As a result of development and agriculture, along with the creation of commercial salt ponds through the 1960s, San Francisco Bay has lost more than a third of its open water area and more than 85 percent of its historic tidal wetlands. No ecosystem can withstand such losses, and it is no wonder the Bay Area has more than 60 native plant and wildlife species designated (or potentially designated) by federal or state agencies as rare, threatened or endangered, or listed as species of special concern.

Over the last decade, the need to correct these disastrous losses has been recognized, and an unprecedented effort has begun to restore over 100,000 acres of wetlands in San Francisco Bay. Golden Gate Bird Alliance is playing an important role in this process. We participate in the San Francisco Bay Joint Venture, a quasi-governmental group that brings together public and private agencies, conservation groups, and development interests to restore wetlands and wildlife habitat in San Francisco Bay watersheds and environs. We also serve on a team that is helping to develop a blueprint to restore 15,000 acres of salt ponds in South San Francisco Bay.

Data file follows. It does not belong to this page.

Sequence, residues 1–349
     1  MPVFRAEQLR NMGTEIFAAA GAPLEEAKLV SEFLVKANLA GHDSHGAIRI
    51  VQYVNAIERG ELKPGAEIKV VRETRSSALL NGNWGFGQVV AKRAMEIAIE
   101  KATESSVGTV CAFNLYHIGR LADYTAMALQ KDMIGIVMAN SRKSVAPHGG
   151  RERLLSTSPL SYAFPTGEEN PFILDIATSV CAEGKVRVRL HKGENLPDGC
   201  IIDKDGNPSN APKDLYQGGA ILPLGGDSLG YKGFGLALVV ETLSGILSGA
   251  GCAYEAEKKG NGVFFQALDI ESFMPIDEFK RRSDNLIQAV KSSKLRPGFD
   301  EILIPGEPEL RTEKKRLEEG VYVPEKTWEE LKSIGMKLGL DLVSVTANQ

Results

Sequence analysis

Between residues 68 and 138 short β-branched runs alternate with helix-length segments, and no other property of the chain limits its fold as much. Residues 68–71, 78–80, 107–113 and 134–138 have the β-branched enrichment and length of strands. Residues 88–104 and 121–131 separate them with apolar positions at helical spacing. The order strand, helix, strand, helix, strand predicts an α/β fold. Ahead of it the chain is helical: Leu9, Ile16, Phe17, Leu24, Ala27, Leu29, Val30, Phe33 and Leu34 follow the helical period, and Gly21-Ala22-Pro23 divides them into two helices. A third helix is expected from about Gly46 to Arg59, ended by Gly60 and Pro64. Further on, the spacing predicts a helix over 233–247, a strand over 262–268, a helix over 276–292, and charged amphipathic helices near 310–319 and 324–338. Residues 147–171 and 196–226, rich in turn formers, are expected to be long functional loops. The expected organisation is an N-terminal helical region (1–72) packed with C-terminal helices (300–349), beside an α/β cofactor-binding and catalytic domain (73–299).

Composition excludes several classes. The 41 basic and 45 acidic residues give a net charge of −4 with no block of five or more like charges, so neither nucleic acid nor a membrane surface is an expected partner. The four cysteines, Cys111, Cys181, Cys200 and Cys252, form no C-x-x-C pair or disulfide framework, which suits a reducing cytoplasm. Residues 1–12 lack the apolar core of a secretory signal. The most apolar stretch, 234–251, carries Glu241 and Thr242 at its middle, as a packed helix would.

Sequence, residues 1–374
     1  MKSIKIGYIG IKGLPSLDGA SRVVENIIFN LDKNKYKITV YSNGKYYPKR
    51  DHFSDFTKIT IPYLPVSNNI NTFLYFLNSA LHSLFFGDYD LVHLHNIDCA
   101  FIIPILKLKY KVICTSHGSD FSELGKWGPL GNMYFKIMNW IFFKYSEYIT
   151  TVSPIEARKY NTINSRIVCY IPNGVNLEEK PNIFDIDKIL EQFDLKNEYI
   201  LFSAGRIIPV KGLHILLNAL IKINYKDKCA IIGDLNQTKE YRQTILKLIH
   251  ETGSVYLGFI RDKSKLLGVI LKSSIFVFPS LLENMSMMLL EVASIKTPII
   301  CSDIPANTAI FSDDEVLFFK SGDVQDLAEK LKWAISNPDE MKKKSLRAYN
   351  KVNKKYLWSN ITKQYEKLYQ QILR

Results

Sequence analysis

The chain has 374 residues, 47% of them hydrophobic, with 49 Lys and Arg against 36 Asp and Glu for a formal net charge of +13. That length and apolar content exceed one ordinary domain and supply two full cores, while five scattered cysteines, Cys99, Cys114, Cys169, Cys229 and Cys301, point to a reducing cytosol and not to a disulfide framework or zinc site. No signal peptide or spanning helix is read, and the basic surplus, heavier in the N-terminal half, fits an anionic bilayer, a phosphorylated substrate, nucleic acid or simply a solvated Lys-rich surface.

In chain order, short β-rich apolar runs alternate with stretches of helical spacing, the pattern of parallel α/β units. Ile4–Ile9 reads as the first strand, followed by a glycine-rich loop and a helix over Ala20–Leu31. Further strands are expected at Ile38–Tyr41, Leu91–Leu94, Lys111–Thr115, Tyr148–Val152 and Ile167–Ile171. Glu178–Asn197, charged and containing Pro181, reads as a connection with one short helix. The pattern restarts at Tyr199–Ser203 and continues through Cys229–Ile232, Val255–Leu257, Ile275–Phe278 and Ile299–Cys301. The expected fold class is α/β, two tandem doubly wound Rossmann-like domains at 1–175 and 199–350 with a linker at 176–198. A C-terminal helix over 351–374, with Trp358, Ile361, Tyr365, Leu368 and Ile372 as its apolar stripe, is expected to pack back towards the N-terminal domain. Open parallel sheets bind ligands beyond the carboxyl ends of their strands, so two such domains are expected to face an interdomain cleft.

Learn more about the South Bay Salt Pond Restoration project at

Conservation Issues

Many complex issues are involved in restoring South Bay salt ponds. The ponds provide important habitat to one million shorebirds every year, as well as many duck and other waterbird species, including California Least Terns. Tidal wetlands form the base of the aquatic food chain and are indispensable to a healthy aquatic ecosystem. Seventy-five percent of all fish species are dependent upon wetlands, as are many avian species.

Our Goals

Golden Gate Bird Alliance is working to support regional efforts to restore the health of San Francisco Bay’s wildlife habitats. Key goals:

  • Work to restore the South Bay salt ponds in partnership with teams of local and national scientists and other local, interested parties
  • Identify key threats to our most vital wetlands around the bay, opposing projects that destroy them, and requiring appropriate mitigation when destruction is unavoidable
  • Work with regional and national partners to address current efforts to weaken federal wetland-protection regulations and to bolster California’s state regulations to protect wetlands

What You Can Do

  • Contact Golden Gate Bird Alliance’s San Francisco or East Bay Conservation Committee and join our work on the South Bay Salt Pond Restoration project as we advocate for adequate funding and appropriate restoration goals.
  • Help us monitor and oppose wetland-destroying projects in the San Francisco Bay Area.
  • Help us preserve and strengthen federal laws protecting wetlands and create strong state regulations to protect wetlands.